I wonder if Nightline was worried, as many mainstream media types are these days, about pissing off the wrong bloggers and ending up "gated". They discussed what has become the holy trinity of blogging scalps: Dan Rather, Eason Jordan, and Jeff Gannon (who has his own blog now - the gay porn exposure and constant Jon Stewart ribbings have not slowed him down one bit). They also highlighted a liberal blogger, Maura, who helped stick it to a Republican Congressman when he tried to introduce a kooky bill that really, truly pissed off many women around the country (A Republican not understanding the needs of women? How odd!). Congressman Cosgrove, who still looked like he had no idea what hit him, was pretty darn miffed. Cosgrove expected traditional media courtesy from Maura. Pre-blogging days he always had the chance to review the pieces on him before they aired or were published (how convenient). He also said that because she had a wide audience, that she now had to play by traditional media rules (kiss a Congressman's ass for favors?). What's going on? My constituents telling me what to do! How terribly wrong!
Unfortunately for him, a blogging mob shredded his bill with a blogswarm. Congress Cosgrove did say that all of the holes in the bill that the bloggers caught would have surely been rectified and tweaked in some committee meeting. Yup. So why did he trash the bill and not just fix the holes?
It must have been that crazy right wing, conservative blogging mob that so many liberals talk about....no wait! It was a liberal mob! Hmm. When required, the Left can also come together and do what it needs to do. Or does this have nothing much to do with the traditional Left and Right, but a lot to do with the "long tail" part of the population that does not have power or access to the media, but now has a voice? Maybe it's an issue by issue affair, and not always Left vs. Right, even though the old guard keeps trying to color it that way.
Nightline was also fascinated with the basics of the internet, which has been around since the 1960's!. Hyperlinking, which they described as these magical portals/doorways to a whole new world, was emphasized several times. Where have these people been? Maybe next week we'll see a piece discovering for the first time a magical tool called e-mail. To give Nightline some credit, the simplified blogging packages now make it easy for anyone to utilize standard web tools (writing, editing, posting, linking) to publish. The mainstream media has now officially blessed and baptized blogging as A New Thing Which Can Do Good But Is Scary Too. Welcome to Blogger Convergence, that period of time VC's loves to invest in and the media loves to blab about.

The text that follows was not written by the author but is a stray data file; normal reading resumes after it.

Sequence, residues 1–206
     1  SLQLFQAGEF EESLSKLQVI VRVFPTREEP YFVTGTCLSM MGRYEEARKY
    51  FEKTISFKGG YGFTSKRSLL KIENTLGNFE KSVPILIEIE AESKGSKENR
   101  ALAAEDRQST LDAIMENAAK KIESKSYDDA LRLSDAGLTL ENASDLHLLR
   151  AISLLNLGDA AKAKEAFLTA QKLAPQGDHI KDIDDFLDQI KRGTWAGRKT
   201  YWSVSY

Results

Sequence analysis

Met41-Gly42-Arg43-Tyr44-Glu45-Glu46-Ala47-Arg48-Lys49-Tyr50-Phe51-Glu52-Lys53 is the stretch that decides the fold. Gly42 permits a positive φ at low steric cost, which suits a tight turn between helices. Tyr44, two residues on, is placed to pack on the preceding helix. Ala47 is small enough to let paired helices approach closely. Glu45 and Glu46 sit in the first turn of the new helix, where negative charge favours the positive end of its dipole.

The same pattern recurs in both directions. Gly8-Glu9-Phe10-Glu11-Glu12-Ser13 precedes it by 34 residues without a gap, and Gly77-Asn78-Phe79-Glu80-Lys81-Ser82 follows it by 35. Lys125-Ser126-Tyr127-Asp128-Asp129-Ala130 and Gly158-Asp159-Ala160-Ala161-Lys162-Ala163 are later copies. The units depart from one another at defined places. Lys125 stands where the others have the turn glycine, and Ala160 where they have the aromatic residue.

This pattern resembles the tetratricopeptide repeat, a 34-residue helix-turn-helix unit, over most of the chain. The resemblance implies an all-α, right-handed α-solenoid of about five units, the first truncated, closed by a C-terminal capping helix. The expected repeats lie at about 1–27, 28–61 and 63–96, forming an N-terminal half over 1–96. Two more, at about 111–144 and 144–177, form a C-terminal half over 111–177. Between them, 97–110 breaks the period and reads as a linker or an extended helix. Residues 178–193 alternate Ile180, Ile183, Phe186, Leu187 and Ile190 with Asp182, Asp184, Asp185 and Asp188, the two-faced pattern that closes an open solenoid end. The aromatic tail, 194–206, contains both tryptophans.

What all of this hooplah tells me is that the powers that be are so rotted that almost any light shone on them results in all kinds of unexpected, nonlinear outcomes. The big media, politicians, corporations, bankers - they have all had their collective hand in the cookie jar, together, for so long, that they are beginning to freak out when they see the public show up, unedited, unfiltered, asking hard questions. Who let them in to our party?
Bloggers will have a field day for years because I believe that those in power have had it so good for so long, and they have run amok, largely unchecked (except by others in power). There is an Old Boys Network, and it is going down, or at least changing, fast. The Old Boys will resist, but they simply can not stop what is becoming billions of connected people. It will be. Call it The Great Leveling, or the Normalization of Power. The internet is first connecting society, but it may actually reshape it entirely.
Democracy meant that a citizen spoke with a vote, but an elected official actually spoke for the wide masses. That elected official gets to live in an elite world, a closed door world, a world of privilege and luxury. It is good to be the king. Blogging eliminates the middleman. Blogging is a Dangerous Idea. It may not only upheave journalism, it may do the same thing to politics and many systems of government. The idea of I speak for myself from now on is mighty powerful. If we could get blogging up and running in North Korea, and wire them to the web, it may be a quick hop and a skip to chase their Dr. Evil psycho dictator out of power. A bloodless, quick blogger invasion. South Korea - the most wired country in the world - hello! wake up! Do something. Hook up your northern brothers - it will be cheaper than bombs. Smuggle in wi-fi and cheap mobile devices. Let them know that their Dear Leader is completely insane and to stop letting this nutball ruin their country. Stop drinking his Kool-Aid! Blog! (Of course, many Democrats would say the same thing about the U.S.!).
The great Bob Marley sang: I shot the sheriff, But I didn't shoot no deputy. I think that he would appreciate the shift from shooting to blogging, because he was overall a peaceful guy. Maybe the fall of Babylon can be soft, electronic, and come in an unexpected wave. Words can, and should be, more powerful than guns. Let's fight with words. Put the guns away. If you need to shoot, play Quake or Counterstrike.